Toiletries at a Seattle hotel. Photo: Daniel Morrison / Creative Commons.
I'll admit it, I'm a sucker for those little hotel soaps and shampoos and lotions. I rarely go home from a hotel stay without a handful of them stuffed in my bag. But they are wasteful, with hundreds of millions of soap bars discarded each year in North American alone -- a surplus that a Ugandan refugee has turned into a life-saving solution to diseases caused by poor sanitation.After fleeing Uganda with his family during the reign of Idi Amin, Derreck Kayongo lived as a refugee in Kenya and eventually came to the United States, where he was shocked to learn how much soap gets thrown away in hotels, CNN reported earlier this month.
Fighting Preventable Diseases
Drawing on the knowledge of his father, a former soap maker in Uganda, Kayongo founded the Atlanta-based Global Soap Project, which collects used hotel soap from across the country, cleans and reprocesses it, and sends it to impoverished nations in Africa and the Caribbean:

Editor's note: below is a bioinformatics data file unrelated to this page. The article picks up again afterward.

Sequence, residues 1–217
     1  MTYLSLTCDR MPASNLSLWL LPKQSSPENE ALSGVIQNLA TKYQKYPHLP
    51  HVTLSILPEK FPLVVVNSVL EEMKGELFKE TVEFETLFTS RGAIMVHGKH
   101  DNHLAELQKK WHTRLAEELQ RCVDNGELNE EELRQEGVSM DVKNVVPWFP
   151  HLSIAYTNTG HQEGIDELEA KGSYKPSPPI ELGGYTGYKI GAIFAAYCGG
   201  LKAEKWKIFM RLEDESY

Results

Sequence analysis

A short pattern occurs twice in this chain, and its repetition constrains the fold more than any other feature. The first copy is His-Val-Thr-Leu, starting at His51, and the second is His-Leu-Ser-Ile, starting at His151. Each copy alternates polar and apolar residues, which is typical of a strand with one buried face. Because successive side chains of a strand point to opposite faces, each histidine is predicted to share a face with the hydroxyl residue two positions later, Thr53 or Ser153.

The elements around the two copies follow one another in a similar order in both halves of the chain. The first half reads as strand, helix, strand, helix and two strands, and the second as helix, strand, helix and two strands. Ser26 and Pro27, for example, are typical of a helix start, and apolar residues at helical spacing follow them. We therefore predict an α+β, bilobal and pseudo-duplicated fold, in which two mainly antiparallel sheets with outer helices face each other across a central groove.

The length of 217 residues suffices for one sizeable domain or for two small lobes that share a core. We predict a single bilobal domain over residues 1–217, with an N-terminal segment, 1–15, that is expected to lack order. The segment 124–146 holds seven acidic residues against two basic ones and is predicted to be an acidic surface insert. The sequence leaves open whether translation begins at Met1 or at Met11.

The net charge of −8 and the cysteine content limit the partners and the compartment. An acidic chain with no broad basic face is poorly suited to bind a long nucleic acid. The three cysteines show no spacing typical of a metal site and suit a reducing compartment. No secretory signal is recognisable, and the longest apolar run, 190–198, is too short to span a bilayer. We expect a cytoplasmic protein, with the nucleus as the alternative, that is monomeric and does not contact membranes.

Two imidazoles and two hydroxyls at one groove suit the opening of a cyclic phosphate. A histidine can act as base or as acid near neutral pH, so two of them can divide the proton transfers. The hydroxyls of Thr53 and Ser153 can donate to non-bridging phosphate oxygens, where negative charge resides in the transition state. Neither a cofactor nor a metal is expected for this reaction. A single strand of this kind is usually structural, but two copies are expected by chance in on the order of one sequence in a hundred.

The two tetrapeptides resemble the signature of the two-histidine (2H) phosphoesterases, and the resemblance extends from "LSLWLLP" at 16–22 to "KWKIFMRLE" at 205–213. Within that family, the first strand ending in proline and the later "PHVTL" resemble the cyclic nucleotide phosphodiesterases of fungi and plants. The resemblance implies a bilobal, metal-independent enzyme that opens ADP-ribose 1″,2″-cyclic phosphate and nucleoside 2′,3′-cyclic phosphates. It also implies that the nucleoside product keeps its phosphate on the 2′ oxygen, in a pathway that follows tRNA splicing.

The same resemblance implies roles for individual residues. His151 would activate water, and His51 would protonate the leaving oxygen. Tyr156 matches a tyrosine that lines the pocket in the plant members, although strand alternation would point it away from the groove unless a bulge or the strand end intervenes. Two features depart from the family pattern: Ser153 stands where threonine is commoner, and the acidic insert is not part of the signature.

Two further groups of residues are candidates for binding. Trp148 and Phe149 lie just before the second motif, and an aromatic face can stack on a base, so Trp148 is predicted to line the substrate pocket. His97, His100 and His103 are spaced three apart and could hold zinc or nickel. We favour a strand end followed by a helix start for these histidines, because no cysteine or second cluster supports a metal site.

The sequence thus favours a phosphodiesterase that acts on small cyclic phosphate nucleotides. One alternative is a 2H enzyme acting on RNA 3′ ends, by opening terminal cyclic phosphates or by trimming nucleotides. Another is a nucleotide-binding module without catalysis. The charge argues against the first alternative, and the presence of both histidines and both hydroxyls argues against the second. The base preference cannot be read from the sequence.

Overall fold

For Kayongo, collecting soap is "a first line of defense" mission to combat child mortality around the world. Each year, more than 2 million children die from diarrheal illness -- the approximate population of San Antonio, Texas. According to the World Health Organization, these deaths occur almost exclusively among toddlers living in low-income countries.
"When you fall sick because you didn't wash up your hands, it's more expensive to go to the hospital to get treated," [Kayongo said]. "And that's where the problem begins and people end up dying."
Some 300 hotels donate their soap to the project, which relies heavily on volunteers to recycle the bars. So far it has donated more than 100,000 bars of soap to communities in nine countries. There's still plenty of room for the project to expand, though: An estimated 2.6 million bars of soap are discarded in U.S. hotel rooms every day.
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